2. Lead Identification

Key individuals have specific understanding of a given situation and have the knowledge, skills and authority to enable them to think around a topic and explore new ideas. You may want to consider talking to a group of key individuals through one of their regular meetings, for example, a meeting of the nurses in charge of wards. 

Talking to a key individual or a group of key individuals is an informal way of gaining insight into a particular problem or situation. This method has a number of advantages, for example:

• it enables ideas to be explored in an iterative fashion

• detailed information can be obtained

• it is quick and inexpensive.

There may be some disadvantages, for example:

• it relies heavily on the key individual

• the responses may be subject to bias

• it may be difficult to find the right person (or people) to talk to

• additional corroboration may be needed.

By discussing the potential barriers that might arise as a result of introducing the new procedure with key individuals that will be affected, you can get specific details of the problems you are likely to face. Considering this context:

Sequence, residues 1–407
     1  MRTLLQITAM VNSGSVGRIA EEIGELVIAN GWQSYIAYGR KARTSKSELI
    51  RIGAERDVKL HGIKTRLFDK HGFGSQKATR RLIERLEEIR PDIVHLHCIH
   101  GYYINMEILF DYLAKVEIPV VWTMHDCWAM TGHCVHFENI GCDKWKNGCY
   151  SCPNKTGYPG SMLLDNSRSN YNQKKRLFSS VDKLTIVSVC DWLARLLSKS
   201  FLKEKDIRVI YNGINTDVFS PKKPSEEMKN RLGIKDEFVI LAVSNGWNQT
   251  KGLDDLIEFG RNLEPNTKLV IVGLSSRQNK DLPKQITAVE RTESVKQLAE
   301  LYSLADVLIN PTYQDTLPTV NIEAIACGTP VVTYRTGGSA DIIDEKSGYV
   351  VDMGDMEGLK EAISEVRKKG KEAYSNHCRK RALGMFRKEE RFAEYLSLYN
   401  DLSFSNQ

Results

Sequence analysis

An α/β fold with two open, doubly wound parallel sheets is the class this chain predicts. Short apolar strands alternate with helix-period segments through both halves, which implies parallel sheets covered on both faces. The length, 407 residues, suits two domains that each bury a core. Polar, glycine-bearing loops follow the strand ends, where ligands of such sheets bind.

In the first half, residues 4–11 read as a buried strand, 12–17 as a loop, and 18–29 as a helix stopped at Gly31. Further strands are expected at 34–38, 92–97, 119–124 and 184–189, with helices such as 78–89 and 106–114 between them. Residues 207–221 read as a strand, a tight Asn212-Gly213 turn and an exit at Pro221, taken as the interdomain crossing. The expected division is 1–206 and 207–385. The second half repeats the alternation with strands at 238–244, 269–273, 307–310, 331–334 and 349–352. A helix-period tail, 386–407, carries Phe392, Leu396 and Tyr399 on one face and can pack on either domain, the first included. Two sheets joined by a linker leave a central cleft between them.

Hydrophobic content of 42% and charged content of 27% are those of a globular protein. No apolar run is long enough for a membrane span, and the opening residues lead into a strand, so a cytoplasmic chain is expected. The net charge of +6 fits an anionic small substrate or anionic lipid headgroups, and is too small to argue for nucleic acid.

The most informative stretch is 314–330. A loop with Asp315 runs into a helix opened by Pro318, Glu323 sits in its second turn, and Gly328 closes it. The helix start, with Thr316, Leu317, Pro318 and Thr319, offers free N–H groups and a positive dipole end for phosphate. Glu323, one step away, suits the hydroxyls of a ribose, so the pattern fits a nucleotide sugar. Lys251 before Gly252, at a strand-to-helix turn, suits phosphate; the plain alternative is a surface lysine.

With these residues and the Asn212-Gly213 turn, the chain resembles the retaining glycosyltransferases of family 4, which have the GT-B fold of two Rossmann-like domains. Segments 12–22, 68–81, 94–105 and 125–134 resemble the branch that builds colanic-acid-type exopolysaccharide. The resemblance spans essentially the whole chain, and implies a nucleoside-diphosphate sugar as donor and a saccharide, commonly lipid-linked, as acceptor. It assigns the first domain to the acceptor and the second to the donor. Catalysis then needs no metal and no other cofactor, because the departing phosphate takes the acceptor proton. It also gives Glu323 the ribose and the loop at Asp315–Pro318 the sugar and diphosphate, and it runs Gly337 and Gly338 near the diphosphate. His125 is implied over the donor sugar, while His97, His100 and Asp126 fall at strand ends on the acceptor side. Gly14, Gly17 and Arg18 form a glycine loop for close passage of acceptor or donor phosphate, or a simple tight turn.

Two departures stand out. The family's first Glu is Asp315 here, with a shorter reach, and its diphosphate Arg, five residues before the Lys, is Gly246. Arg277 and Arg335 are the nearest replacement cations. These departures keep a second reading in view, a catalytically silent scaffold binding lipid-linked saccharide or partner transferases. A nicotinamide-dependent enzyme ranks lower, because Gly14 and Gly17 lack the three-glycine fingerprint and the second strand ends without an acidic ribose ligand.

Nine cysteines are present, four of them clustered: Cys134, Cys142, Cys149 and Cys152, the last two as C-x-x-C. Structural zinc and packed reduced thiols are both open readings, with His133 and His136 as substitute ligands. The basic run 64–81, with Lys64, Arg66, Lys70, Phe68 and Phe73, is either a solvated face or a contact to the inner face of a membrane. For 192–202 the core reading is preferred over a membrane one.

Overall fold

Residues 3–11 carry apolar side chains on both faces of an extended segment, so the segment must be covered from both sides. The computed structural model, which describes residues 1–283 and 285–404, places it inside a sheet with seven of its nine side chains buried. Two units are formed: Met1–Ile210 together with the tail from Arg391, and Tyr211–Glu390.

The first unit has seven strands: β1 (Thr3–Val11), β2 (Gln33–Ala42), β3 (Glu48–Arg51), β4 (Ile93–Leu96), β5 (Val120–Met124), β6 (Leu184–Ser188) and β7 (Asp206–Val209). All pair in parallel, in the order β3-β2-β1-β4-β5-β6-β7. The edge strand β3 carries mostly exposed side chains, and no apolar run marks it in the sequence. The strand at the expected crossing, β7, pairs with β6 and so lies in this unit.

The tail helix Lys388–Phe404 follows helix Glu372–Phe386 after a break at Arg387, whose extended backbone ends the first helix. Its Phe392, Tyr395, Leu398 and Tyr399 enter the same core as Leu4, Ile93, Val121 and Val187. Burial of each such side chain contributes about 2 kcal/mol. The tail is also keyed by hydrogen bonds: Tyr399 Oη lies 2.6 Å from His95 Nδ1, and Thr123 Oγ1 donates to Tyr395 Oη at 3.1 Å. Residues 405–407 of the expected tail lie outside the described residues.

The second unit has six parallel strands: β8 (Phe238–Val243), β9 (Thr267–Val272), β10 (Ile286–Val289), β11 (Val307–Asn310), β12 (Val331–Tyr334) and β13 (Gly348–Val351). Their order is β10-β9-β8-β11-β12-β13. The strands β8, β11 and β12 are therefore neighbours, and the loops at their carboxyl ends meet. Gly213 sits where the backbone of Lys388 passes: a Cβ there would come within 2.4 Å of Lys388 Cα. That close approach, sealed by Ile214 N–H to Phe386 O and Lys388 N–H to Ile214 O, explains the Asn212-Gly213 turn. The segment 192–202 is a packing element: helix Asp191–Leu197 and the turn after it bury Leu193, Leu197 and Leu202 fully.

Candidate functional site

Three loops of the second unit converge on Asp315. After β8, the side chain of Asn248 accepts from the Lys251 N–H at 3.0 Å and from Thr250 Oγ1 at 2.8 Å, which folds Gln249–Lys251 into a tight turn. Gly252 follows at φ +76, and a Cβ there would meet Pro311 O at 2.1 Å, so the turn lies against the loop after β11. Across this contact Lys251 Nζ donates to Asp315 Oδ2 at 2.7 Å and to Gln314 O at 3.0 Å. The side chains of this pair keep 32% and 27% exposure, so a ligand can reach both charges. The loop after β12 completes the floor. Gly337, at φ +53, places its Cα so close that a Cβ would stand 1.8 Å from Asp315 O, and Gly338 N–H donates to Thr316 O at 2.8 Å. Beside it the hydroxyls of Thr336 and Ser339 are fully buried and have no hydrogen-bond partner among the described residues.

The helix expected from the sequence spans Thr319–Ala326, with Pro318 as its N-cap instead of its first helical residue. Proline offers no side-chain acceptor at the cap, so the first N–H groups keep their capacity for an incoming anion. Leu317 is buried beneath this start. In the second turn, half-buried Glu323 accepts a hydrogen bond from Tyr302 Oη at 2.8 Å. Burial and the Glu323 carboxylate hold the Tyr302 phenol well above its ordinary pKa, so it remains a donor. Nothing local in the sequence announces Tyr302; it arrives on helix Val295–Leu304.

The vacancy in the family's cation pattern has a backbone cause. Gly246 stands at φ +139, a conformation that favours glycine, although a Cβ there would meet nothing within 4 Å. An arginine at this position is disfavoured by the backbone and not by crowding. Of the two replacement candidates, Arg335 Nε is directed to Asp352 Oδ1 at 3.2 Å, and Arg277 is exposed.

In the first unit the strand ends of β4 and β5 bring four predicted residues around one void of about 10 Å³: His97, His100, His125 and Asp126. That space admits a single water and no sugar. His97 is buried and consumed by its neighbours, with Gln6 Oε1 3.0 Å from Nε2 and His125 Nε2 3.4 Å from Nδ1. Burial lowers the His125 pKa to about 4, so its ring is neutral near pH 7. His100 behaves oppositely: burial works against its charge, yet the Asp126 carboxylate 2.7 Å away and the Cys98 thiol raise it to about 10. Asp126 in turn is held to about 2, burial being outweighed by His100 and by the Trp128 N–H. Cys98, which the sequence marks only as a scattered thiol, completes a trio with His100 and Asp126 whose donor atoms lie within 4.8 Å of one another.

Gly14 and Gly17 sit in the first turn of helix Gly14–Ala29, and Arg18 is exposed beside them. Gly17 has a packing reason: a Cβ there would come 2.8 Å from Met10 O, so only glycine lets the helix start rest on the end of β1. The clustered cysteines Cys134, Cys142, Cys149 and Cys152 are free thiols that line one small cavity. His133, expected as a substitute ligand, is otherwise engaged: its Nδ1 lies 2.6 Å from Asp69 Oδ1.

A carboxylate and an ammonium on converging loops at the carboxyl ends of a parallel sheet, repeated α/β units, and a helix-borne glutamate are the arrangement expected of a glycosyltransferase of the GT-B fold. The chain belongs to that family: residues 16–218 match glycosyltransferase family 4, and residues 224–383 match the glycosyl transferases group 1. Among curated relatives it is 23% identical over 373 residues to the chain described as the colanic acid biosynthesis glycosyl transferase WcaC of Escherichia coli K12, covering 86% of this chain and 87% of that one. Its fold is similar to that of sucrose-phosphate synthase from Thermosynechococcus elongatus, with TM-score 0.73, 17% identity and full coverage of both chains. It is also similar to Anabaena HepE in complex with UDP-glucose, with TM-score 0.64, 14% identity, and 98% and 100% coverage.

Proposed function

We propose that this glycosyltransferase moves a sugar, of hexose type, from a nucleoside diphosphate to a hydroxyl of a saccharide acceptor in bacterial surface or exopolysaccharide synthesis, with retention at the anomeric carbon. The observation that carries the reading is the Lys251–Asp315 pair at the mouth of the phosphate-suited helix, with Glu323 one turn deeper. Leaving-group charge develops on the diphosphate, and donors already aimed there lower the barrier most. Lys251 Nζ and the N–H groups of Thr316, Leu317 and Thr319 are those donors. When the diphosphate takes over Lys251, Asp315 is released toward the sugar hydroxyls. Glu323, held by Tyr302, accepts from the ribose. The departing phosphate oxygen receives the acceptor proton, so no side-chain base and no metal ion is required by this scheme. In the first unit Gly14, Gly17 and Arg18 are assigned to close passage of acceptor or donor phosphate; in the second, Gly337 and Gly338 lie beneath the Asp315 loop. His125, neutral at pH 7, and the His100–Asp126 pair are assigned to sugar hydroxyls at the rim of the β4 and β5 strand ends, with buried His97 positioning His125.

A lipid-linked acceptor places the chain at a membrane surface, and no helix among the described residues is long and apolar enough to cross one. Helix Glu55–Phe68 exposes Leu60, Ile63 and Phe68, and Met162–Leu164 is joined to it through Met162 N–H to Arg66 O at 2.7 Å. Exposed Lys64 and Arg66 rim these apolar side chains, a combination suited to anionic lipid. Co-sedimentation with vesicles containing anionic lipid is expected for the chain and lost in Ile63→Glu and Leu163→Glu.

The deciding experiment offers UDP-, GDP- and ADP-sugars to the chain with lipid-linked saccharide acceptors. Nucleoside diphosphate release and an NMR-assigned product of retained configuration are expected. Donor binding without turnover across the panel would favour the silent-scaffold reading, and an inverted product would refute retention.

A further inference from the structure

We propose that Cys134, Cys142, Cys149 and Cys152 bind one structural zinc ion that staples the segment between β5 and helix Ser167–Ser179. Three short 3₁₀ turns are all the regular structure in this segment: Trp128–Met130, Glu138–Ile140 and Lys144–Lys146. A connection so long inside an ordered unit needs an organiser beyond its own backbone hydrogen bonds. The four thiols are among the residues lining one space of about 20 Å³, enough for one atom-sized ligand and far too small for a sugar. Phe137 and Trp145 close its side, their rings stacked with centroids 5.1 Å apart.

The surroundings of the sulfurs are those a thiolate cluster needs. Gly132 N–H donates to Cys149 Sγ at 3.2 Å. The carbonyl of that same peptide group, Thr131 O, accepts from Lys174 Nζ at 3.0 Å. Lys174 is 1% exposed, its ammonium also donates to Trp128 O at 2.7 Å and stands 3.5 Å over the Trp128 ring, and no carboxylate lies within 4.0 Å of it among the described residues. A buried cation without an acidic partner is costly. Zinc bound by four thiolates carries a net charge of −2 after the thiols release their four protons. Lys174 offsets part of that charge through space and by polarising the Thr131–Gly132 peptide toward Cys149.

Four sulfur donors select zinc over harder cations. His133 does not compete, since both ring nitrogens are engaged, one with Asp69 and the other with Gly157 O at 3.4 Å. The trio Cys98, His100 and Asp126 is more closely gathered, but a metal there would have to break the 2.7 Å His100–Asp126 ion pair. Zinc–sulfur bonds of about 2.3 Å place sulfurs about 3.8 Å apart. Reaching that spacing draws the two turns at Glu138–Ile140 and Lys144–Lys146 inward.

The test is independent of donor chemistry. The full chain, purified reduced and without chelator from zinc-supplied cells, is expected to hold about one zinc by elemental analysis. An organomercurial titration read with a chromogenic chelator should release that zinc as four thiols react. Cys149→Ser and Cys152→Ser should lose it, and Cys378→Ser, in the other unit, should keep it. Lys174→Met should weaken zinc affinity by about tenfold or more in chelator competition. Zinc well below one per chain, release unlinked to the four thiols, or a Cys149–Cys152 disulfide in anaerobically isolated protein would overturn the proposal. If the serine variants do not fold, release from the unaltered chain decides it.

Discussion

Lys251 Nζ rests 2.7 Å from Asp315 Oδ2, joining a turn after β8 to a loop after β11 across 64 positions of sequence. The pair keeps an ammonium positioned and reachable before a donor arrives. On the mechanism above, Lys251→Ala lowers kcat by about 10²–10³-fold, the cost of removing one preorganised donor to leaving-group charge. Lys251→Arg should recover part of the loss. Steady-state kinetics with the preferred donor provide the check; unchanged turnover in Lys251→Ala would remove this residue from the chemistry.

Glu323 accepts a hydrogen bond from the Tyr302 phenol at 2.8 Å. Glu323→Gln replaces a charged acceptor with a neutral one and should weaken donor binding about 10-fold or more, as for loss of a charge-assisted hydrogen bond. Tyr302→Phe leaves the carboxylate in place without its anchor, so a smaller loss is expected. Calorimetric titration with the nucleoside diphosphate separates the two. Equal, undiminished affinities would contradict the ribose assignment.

-          Identify a lead with an interest in the area of your evaluation/research.

-          Someone you would be confident of working with who really could champion your findings

-          How can you make a formal approach outlining your findings

-          Identify several key bullet points on the potential impact your research may have

-          What significant issues locally could your project assist with?

Clinical Leads can often be the key person to champion your research and gain “buy in”. See an example of a Clinical Lead Role job description and most have responsibility for service delivery and championing pioneering new ideas to improve patient care.